December 31, 2008
Gold slips in London
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LONDON, Dec 30: Gold slipped 1 percent on Tuesday as traders took profits after the previous session’s 11-week high and oil prices slid back below $40 a barrel.
The weaker dollar and interest in bullion as a haven from risk as violence continues in the Middle East are limiting losses, however.
Spot gold was quoted at $868.30/870.30 an ounce at 1035 GMT, down from $877.50 late in New York on Monday. In that session bullion rose to a high of $889.55, its strongest since October 10.
Gold did a lot over Christmas, said Simon Weeks, director of precious metals at the Bank of Nova Scotia.The situation in the Middle East and Gaza triggered movements in oil and in gold as well, but given the volumes actually seen, the reaction was overdone, and a degree of profit taking has set in.
US gold futures for February delivery fell $4.60 to $870.70. However, the weak pound took spot gold to a new record high in sterling terms of 611.97 pounds, according to Reuters data, up from 603.72 late on Monday.
Oil prices shed some 1 percent as fears over falling demand in the current recessionary environment overshadowed the situation in the Middle East.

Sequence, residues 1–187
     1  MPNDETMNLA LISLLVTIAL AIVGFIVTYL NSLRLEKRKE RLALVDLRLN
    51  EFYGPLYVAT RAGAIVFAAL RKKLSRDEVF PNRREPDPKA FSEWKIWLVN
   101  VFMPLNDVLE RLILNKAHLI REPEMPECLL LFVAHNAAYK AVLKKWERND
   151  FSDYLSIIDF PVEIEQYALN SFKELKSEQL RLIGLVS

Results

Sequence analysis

Losses in gold were limited by weakness in the dollar, which typically boosts bullion’s appeal as a currency hedge. The dollar softened as traders trimmed long positions in the US currency in the last few trading days of the year.
Interest in gold-backed exchange-traded funds remains firm, meanwhile. Holdings of the world’s largest bullion-backed ETF, New York’s SPDR Gold Trust rose nearly 5 tonnes to a record 780.23 tonnes on Dec. 29, the trust said.
Among other precious metals, spot silver tracked gold lower, slipping to $10.72/10.80 an ounce from $10.85 late in New York on Monday, when it touched a near two-week high of $11.23.
Platinum and palladium both eased after the last session’s gains and continue to suffer from fears over the outlook for the car market.
Spot platinum slid to $905/910 an ounce from $915.50, while palladium eased to $182.50/187.50 an ounce from $185.50.—Reuters